Profile:
Kim Young-ha

One of South Korea’s leading fiction writers, Kim Young-ha’s novels are remarkable for their profligate crossing of boundaries, mixing high and low cultural sources into dazzling post-modern narratives. He is also an accomplished translator from English into Korean, and has recently produced a Korean version of F. Scott Fitzgerald’s The Great Gatsby.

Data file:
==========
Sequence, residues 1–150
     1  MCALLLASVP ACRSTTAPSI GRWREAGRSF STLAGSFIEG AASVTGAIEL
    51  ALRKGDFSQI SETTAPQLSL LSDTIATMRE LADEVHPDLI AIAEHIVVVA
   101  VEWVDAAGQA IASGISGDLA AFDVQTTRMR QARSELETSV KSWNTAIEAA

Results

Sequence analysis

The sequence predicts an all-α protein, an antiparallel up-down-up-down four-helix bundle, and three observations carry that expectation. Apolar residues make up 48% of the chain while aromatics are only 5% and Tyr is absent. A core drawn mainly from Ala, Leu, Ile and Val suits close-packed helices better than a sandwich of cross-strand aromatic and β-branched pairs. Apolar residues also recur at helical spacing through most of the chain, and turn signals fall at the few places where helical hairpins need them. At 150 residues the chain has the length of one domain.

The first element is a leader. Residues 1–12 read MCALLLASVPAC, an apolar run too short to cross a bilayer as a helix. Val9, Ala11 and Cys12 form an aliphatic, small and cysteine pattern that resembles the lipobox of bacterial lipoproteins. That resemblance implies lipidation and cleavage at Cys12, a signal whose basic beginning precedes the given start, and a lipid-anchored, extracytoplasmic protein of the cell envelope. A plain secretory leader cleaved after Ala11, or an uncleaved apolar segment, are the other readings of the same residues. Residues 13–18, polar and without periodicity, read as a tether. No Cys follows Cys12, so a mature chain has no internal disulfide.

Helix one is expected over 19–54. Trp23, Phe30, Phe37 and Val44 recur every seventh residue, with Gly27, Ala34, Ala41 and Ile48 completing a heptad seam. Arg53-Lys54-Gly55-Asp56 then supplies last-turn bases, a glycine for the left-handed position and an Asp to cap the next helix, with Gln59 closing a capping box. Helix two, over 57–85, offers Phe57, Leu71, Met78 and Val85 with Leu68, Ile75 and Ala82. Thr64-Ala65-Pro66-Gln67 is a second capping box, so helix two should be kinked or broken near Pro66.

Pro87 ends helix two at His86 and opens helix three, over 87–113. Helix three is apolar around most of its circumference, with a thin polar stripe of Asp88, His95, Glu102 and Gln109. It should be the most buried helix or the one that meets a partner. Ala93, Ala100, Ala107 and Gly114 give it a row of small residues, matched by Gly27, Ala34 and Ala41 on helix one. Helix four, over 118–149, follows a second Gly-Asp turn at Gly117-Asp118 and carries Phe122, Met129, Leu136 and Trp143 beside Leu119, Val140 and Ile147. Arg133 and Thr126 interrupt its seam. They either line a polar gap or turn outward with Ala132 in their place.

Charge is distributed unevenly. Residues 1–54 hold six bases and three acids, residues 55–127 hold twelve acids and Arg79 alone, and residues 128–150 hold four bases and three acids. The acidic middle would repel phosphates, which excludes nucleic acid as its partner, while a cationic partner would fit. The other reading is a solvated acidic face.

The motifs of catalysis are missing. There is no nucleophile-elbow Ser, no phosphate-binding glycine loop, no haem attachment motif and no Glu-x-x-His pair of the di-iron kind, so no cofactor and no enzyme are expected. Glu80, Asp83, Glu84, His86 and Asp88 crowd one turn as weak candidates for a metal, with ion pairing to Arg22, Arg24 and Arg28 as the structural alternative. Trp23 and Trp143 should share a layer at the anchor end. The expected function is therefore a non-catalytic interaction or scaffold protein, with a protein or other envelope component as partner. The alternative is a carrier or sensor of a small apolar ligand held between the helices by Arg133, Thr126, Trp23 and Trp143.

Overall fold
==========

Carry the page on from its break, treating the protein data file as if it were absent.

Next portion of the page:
I Have the Right to Destroy Myself, a fascinating depiction of the aesthetics of death; Black Flower, a rigorous thinking on the possibility of being outside of a nation; and The Pager, a subversive portrayal of the relationship between reality and fantasy, are some of Kim’s most famous works. Aside from these, Kim has also published My Brother’s Back, Quiz Show, Your Republic Is Calling You, I Hear Your Voice and A Murderer’s Guide to Memorization, and is a contributing opinion writer for The International New York Times. His works have been translated and introduced in the US, France, Germany, Netherlands, the Czech Republic, Turkey, Japan and China.